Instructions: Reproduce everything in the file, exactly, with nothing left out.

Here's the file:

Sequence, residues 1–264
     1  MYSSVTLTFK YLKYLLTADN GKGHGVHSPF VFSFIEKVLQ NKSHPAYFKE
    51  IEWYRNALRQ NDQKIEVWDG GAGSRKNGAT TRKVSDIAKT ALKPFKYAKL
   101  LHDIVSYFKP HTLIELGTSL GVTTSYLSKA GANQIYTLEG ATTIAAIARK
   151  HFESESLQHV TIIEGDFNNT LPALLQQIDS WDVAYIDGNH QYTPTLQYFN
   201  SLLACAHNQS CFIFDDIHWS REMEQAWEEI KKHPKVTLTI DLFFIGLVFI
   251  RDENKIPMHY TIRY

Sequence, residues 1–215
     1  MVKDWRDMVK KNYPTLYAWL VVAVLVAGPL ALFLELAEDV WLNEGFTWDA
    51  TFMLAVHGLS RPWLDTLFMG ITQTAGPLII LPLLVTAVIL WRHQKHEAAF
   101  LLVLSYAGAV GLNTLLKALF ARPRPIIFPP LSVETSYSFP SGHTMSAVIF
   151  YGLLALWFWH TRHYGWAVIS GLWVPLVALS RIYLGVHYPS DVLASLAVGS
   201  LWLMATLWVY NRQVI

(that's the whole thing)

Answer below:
Sequence, residues 1–264
     1  MYSSVTLTFK YLKYLLTADN GKGHGVHSPF VFSFIEKVLQ NKSHPAYFKE
    51  IEWYRNALRQ NDQKIEVWDG GAGSRKNGAT TRKVSDIAKT ALKPFKYAKL
   101  LHDIVSYFKP HTLIELGTSL GVTTSYLSKA GANQIYTLEG ATTIAAIARK
   151  HFESESLQHV TIIEGDFNNT LPALLQQIDS WDVAYIDGNH QYTPTLQYFN
   201  SLLACAHNQS CFIFDDIHWS REMEQAWEEI KKHPKVTLTI DLFFIGLVFI
   251  RDENKIPMHY TIRY

Sequence, residues 1–215
     1  MVKDWRDMVK KNYPTLYAWL VVAVLVAGPL ALFLELAEDV WLNEGFTWDA
    51  TFMLAVHGLS RPWLDTLFMG ITQTAGPLII LPLLVTAVIL WRHQKHEAAF
   101  LLVLSYAGAV GLNTLLKALF ARPRPIIFPP LSVETSYSFP SGHTMSAVIF
   151  YGLLALWFWH TRHYGWAVIS GLWVPLVALS RIYLGVHYPS DVLASLAVGS
   201  LWLMATLWVY NRQVI